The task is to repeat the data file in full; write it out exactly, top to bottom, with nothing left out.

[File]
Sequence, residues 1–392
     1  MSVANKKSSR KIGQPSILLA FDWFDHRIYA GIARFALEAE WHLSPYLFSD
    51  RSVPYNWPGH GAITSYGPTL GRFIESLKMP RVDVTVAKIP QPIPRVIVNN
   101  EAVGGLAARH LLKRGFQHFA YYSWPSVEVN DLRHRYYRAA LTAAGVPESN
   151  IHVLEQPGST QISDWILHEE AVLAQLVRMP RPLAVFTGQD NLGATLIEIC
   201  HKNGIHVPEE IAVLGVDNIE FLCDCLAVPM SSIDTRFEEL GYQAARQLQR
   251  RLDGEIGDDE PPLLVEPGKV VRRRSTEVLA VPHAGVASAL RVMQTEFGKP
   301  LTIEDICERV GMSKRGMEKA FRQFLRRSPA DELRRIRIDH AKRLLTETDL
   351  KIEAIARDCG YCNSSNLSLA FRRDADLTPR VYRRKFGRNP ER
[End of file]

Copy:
Sequence, residues 1–392
     1  MSVANKKSSR KIGQPSILLA FDWFDHRIYA GIARFALEAE WHLSPYLFSD
    51  RSVPYNWPGH GAITSYGPTL GRFIESLKMP RVDVTVAKIP QPIPRVIVNN
   101  EAVGGLAARH LLKRGFQHFA YYSWPSVEVN DLRHRYYRAA LTAAGVPESN
   151  IHVLEQPGST QISDWILHEE AVLAQLVRMP RPLAVFTGQD NLGATLIEIC
   201  HKNGIHVPEE IAVLGVDNIE FLCDCLAVPM SSIDTRFEEL GYQAARQLQR
   251  RLDGEIGDDE PPLLVEPGKV VRRRSTEVLA VPHAGVASAL RVMQTEFGKP
   301  LTIEDICERV GMSKRGMEKA FRQFLRRSPA DELRRIRIDH AKRLLTETDL
   351  KIEAIARDCG YCNSSNLSLA FRRDADLTPR VYRRKFGRNP ER